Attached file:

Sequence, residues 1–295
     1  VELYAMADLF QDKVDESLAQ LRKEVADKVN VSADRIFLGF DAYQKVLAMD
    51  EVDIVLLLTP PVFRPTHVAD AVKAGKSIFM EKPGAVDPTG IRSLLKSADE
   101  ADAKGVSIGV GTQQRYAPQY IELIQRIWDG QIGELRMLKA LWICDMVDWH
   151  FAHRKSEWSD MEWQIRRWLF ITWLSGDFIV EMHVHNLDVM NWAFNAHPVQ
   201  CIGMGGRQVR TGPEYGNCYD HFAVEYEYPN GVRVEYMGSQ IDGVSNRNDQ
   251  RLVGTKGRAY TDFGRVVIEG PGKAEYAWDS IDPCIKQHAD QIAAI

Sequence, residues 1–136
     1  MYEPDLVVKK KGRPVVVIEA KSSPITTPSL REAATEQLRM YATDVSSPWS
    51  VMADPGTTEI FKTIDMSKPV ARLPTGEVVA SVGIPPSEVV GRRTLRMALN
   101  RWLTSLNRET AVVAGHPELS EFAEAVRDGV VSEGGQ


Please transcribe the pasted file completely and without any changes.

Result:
Sequence, residues 1–295
     1  VELYAMADLF QDKVDESLAQ LRKEVADKVN VSADRIFLGF DAYQKVLAMD
    51  EVDIVLLLTP PVFRPTHVAD AVKAGKSIFM EKPGAVDPTG IRSLLKSADE
   101  ADAKGVSIGV GTQQRYAPQY IELIQRIWDG QIGELRMLKA LWICDMVDWH
   151  FAHRKSEWSD MEWQIRRWLF ITWLSGDFIV EMHVHNLDVM NWAFNAHPVQ
   201  CIGMGGRQVR TGPEYGNCYD HFAVEYEYPN GVRVEYMGSQ IDGVSNRNDQ
   251  RLVGTKGRAY TDFGRVVIEG PGKAEYAWDS IDPCIKQHAD QIAAI

Sequence, residues 1–136
     1  MYEPDLVVKK KGRPVVVIEA KSSPITTPSL REAATEQLRM YATDVSSPWS
    51  VMADPGTTEI FKTIDMSKPV ARLPTGEVVA SVGIPPSEVV GRRTLRMALN
   101  RWLTSLNRET AVVAGHPELS EFAEAVRDGV VSEGGQ